It wouldn't take much of a pump to lift the water one or two feet just before it passes through the retaining wall if you built a sump pit there. Maybe you could have a solar powered pump that is backed up by a 120v pump when needed.

A big cistern would be useful by the sounds of it, but I think it would have to be really big to take up enough water to help. If it were open to the ground water, it seems like it be would full already when you need it. So, it would need to be something like one or more of those giant poly tanks buried in the ground.
 
   / Rain and groundwater drainage piping and what to do with the water
  • Thread Starter
#5  
OP
J

jim_wilson

Veteran Member
Joined
Jun 13, 2004
Messages
1,772
Location
Northeast MA
Tractor
Kubota B3200 w/ BH77 & 12", 18" & 24" buckets, Kubota B50 SSQA w/ 54" & 60" buckets, LandPride FDR1660, Artillian Fork frame, Extreme 3pt rake, Concrete Mixer, MyTractorTools grapple adapter
Sounds like a difficult problem.

When you sighted the drain line, that is ending up 18" below grade where you want the outlet, how much fall did you measure from the garage door grate to the retaining wall? How far is the distance and at what slope did you install the drain pipe at? Any wiggle room there?

It wouldn't take much of a pump to lift the water one or two feet just before it passes through the retaining wall if you built a sump pit there. Maybe you could have a solar powered pump that is backed up by a 120v pump when needed.

A big cistern would be useful by the sounds of it, but I think it would have to be really big to take up enough water to help. If it were open to the ground water, it seems like it be would full already when you need it. So, it would need to be something like one or more of those giant poly tanks buried in the ground.

Yeah - there's no real wiggle room there. Most of the pipe is already buried - it was a good 2-3 years ago that I did it and the details are sort of hazy about what I measured out - but I am sure that when I buried the pipe I put in as shallow a pitch as I thought I could get away with and still get it to drain. I'm thinking that the cistern with pump idea might be my way out. I have thought off and on about putting in rainwater collection and storage anyway - so maybe this is my excuse. I'd have to bit the bullet and spend the money to put in the underground storage and figure out how to plumb the system - but at least that would give me a place to dump the water to even if I did have to pump it around a little to get it there.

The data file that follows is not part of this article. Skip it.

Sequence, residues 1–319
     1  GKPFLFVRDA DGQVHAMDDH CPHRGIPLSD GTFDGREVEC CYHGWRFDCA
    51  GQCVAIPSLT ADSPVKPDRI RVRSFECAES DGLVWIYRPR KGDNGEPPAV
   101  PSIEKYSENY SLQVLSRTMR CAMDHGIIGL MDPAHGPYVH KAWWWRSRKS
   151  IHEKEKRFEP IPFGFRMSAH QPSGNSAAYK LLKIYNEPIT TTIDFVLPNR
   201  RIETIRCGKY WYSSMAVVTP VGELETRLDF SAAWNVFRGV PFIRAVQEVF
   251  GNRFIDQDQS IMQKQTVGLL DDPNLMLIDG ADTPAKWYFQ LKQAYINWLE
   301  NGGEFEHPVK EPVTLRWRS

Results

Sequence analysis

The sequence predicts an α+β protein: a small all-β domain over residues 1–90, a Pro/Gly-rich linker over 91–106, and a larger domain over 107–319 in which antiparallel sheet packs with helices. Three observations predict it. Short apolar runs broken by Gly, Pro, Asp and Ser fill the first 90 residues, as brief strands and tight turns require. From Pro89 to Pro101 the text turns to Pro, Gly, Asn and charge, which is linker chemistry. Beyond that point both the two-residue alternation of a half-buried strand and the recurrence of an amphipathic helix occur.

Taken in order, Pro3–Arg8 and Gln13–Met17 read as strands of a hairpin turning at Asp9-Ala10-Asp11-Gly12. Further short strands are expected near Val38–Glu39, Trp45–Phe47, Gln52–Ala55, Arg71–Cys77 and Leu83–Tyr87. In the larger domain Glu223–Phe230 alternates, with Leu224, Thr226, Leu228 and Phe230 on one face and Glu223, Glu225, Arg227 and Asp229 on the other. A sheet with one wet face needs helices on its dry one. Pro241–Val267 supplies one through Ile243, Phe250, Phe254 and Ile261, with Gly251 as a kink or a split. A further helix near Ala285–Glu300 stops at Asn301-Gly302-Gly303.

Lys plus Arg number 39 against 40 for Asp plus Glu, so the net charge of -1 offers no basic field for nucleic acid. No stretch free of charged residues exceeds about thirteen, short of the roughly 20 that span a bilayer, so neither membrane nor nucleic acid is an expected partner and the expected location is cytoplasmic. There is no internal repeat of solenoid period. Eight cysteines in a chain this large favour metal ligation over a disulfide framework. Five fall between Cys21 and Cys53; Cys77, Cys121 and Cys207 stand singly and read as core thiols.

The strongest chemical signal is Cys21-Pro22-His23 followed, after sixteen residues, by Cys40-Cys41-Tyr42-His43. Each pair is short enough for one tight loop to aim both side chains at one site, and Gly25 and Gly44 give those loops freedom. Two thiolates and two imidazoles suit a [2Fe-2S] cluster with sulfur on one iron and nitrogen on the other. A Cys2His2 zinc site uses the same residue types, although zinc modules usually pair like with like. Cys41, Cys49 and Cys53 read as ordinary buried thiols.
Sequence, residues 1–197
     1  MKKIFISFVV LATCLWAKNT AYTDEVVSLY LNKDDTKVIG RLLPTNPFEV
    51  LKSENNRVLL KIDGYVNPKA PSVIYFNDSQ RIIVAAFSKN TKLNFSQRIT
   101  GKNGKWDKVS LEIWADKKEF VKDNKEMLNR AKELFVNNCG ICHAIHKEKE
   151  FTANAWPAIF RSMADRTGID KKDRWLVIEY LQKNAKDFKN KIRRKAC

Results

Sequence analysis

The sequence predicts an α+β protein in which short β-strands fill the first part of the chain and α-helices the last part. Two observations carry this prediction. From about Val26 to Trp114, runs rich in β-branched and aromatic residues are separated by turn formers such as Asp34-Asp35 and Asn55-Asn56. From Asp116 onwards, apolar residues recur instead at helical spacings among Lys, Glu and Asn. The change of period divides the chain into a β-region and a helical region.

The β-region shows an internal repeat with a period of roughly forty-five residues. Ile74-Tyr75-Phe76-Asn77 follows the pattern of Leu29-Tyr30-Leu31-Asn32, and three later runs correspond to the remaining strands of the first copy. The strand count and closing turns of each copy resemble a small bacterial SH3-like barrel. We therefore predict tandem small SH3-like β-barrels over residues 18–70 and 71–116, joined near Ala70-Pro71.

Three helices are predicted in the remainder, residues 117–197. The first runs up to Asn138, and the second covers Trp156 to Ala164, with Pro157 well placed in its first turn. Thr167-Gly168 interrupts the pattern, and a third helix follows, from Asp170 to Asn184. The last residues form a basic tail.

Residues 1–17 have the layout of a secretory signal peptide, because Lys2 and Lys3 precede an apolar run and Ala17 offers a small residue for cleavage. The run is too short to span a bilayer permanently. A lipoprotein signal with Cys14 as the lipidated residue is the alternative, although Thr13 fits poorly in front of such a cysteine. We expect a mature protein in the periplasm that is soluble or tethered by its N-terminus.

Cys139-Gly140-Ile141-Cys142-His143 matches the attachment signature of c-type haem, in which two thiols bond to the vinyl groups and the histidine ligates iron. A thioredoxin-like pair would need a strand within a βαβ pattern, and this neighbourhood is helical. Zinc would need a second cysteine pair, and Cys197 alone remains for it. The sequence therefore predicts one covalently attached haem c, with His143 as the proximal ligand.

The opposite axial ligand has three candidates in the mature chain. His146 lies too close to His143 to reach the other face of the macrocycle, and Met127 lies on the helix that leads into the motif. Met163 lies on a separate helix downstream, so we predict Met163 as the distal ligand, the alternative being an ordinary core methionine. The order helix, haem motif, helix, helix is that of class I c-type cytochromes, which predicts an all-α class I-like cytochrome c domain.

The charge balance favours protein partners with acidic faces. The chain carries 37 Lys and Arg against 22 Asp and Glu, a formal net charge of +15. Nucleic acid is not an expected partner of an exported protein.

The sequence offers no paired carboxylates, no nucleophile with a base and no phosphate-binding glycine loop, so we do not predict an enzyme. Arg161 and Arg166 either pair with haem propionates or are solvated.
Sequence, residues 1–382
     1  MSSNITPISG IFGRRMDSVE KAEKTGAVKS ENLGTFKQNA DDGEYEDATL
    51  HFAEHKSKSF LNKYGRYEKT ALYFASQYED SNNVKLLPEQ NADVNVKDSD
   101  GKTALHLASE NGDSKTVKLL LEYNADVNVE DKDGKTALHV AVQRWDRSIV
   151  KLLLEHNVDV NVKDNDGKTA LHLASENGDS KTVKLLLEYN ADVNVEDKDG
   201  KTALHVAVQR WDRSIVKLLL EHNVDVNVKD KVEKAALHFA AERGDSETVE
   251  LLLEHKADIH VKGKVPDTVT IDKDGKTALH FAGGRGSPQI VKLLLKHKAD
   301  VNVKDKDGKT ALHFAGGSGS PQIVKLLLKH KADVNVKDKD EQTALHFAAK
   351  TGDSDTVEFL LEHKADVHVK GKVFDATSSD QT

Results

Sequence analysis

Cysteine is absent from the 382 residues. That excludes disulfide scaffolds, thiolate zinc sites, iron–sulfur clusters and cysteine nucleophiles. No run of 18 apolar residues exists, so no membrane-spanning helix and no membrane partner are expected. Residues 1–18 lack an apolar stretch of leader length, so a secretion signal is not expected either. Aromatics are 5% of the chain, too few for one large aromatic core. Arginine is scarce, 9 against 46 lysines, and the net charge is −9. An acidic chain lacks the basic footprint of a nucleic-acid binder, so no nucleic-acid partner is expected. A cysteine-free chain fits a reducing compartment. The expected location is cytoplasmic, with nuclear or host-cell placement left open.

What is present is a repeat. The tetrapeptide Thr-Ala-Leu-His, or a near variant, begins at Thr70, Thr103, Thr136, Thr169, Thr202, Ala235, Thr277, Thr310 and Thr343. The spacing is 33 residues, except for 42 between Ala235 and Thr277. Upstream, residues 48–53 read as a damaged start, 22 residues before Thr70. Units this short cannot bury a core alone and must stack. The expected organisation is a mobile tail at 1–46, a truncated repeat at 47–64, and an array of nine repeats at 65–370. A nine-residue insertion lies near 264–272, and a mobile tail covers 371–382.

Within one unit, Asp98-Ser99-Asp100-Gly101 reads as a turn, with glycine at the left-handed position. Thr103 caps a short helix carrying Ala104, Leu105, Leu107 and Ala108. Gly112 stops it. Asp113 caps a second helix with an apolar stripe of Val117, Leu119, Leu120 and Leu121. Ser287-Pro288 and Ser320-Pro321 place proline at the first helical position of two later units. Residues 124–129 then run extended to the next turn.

From what I've been reading the restrictions on what you can do with water have gotten worse - putting it into rainwater storage would likely comply with any rules around "keeping water on the property" and it would give me water storage to water the lawn or garden as much as I wanted to during the dry months. The cost of the actual storage is the biggest thing that has kept me from putting in storage already - it usually costs about $1.25-$1.50 per gallon of storage capacity from what I've seen. So it starts getting expensive when you're looking at more than a rain barrels' worth of storage.
 
   / Rain and groundwater drainage piping and what to do with the water #6  

dodge man

Super Member
Joined
Oct 25, 2008
Messages
8,679
Location
West central Illinois
Tractor
JD 2025R
One thing you need to look at is the volume of storage. I think you will find that even a couple of large tanks will get filled up during a large rain, and they you will be back to square one, what to do with the water. I don't think you want to try and store all of the water, maybe just enough to water your lawn, and they you still need to figure out the best way to get rid of the rest of it.
 
   / Rain and groundwater drainage piping and what to do with the water #7